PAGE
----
Once you find the root of that, you can write the accommodation. What would that look like? You would want to be specific. The child would receive double or triple the time their peers complete the exam or assignment. They could be given a different location to complete their exam if they need to be in a quiet area. Those are just straightforward examples of accommodations for exams within the education classroom.
Now, let’s say a child has a physical impairment. Potentially, they could be in a wheelchair, so they would need accommodations to ensure a clear path to enter and exit the room. They may have to have an aide sitting with them, so they would need an accommodation to have an aide sitting next to them. It is one thing I have seen from parents and in dealing with clients. It’s important to note in the accommodations that the aide needs to be near the student.
Sometimes it’ll say it needs to be in the classroom, but “classroom” could mean many different things. They could be helping the teacher, or they could be helping other students. And if their purpose is to assist the child with the accommodations, they need to sit near or directly beside them.
Also, in accommodations, you want to think outside the classroom. So, in transitions between classes. They may have some processing disorder or need prompts for transitions. So, five minutes or 15 minutes before the class transitions, you need to give a prompt to that student so that they’re aware of it. Or do they need a buddy system? So, there could be a peer or an aide that would walk them from class to class. All those things would be appropriate.
The most significant area forgotten in 504 plan accommodations is the cafeteria, especially for someone who can be overstimulated. It would be best if you remembered that cafeterias are extremely smelly from the food, and they are loud. There are lots of students, staff, and many moving things. And so many students can be highly overstimulated, which can lead to behavioral problems you want to protect your child from.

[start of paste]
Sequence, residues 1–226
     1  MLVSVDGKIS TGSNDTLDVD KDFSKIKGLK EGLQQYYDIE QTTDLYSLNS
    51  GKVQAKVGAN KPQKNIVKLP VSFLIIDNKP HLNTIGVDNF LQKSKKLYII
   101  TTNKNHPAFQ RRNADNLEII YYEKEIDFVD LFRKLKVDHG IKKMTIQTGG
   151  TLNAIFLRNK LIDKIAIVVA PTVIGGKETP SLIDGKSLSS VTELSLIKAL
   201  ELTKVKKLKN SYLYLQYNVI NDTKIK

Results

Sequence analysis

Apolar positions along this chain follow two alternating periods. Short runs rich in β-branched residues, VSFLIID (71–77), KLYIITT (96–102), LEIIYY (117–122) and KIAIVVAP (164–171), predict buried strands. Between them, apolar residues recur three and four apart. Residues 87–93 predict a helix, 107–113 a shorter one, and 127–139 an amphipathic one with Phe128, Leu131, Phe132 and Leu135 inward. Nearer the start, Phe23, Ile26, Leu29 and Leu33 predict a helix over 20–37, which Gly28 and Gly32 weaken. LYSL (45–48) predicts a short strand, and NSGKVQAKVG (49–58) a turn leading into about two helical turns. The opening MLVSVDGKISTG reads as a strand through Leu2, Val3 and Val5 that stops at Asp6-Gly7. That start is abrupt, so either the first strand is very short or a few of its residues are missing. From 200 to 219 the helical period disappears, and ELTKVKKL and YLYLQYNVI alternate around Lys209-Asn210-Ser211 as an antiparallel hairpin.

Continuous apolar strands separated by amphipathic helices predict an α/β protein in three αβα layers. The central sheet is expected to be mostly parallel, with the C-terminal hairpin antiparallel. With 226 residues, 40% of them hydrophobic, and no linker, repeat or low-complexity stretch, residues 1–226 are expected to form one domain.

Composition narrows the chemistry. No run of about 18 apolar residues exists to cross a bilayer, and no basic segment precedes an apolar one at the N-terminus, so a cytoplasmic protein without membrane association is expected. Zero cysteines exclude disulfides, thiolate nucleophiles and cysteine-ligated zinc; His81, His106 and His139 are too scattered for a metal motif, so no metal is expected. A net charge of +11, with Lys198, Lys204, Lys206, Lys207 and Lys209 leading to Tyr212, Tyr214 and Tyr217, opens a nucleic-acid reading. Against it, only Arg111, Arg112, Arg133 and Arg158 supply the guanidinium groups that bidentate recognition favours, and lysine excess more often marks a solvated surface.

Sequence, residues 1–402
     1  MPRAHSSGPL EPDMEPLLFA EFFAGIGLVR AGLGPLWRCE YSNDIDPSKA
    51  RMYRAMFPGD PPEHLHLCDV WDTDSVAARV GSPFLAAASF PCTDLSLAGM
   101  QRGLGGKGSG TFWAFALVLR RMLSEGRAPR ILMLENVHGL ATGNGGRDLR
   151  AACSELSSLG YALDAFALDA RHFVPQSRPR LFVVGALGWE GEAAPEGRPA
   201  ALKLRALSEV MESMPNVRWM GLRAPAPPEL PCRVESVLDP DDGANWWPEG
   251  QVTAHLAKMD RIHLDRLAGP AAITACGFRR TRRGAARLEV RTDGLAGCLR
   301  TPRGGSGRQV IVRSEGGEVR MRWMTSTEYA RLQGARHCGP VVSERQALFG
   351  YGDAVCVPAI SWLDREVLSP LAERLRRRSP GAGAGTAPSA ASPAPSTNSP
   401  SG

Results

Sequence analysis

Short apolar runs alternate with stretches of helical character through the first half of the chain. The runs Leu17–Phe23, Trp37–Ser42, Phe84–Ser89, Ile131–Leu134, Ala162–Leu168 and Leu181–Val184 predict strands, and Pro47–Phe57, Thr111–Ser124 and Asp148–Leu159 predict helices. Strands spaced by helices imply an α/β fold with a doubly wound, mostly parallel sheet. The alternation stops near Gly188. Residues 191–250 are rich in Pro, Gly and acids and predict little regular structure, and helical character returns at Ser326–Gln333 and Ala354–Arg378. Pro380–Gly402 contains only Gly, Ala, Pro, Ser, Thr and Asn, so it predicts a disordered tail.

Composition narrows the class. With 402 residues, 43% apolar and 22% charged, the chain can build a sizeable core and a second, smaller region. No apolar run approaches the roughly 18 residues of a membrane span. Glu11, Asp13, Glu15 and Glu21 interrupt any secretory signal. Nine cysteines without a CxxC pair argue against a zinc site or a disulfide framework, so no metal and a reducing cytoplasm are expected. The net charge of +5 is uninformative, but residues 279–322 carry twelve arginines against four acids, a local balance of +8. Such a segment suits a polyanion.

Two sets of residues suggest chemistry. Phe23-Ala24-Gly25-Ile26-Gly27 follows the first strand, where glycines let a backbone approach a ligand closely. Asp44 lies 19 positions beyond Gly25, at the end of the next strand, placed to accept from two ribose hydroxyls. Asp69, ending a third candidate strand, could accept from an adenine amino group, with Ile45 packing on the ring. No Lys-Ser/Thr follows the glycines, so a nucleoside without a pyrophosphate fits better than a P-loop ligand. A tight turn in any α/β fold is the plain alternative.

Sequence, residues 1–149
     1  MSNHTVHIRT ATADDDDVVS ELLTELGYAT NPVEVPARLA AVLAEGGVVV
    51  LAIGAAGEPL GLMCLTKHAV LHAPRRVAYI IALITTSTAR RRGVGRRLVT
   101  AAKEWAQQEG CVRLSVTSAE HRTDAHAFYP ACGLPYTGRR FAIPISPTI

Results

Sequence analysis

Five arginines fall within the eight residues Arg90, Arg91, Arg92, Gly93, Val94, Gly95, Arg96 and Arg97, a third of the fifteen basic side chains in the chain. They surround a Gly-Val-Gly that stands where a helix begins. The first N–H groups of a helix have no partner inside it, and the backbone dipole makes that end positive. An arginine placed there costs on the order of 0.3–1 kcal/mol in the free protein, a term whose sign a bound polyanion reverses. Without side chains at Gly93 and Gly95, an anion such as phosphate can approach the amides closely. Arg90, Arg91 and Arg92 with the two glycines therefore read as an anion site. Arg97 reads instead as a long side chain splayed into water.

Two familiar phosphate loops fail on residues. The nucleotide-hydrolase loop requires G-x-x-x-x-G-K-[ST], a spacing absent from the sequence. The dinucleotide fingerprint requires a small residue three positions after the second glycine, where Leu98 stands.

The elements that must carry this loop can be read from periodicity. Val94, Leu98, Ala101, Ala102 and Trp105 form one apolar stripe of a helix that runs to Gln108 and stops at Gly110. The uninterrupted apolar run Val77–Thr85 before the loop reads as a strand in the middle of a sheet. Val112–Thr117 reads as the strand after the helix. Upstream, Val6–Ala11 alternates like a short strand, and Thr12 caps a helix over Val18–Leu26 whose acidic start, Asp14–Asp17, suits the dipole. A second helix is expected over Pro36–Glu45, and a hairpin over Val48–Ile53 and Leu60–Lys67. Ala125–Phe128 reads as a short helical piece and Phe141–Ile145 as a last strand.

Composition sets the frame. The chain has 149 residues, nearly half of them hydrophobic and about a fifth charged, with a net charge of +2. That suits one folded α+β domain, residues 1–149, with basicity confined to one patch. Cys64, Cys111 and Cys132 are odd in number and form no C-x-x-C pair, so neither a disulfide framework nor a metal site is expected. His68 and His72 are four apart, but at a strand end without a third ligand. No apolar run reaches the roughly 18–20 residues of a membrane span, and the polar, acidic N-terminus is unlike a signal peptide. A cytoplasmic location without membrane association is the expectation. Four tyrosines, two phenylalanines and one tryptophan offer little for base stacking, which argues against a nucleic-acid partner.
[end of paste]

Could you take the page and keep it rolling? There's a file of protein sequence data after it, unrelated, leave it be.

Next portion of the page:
Accommodations could be that they could eat lunch before everybody, or they were allowed to eat it in a different area. Staff would be near them if they felt uncomfortable and needed to remove themselves from that environment. So again, a 504 plan helps a student throughout the school day. It is not just taking exams. That’s one of the biggest misconceptions.
Another misconception is that 504 plans are just suggestions, which is false. You can think of it as a contract mandated by federal law that the school must comply with. So you can hold the school accountable. 504 plans are enforced through the Office of Civil Rights, a federal administrative agency. And you can file a complaint against the school if they’re not complying with the 504 plan. Again, as you can see, 504 plans are federally mandated, so they won’t change from state to state.
So, if you’re in North Carolina, they will have the exact requirements of any other 50 states. The thing to remember is that states can sometimes potentially have additional requirements for accommodations, but they can never change what the federal requirements are.
504 plans are great for students learning at the same level as their peers. They need accommodations in specific parts of the environment or how they complete their exams. But if you feel like the child is academically not where they need to be for cognitive reasons. Potentially they need special education services, need to be pulled out for reading instruction, math, science—things like that. They may need more of an IEP.
Jennifer Hanson is a dedicated and seasoned writer specializing in the field of special education. With a passion for advocating for the rights and needs of children with diverse learning abilities, Jennifer uses her pen to educate, inspire, and empower both educators and parents alike.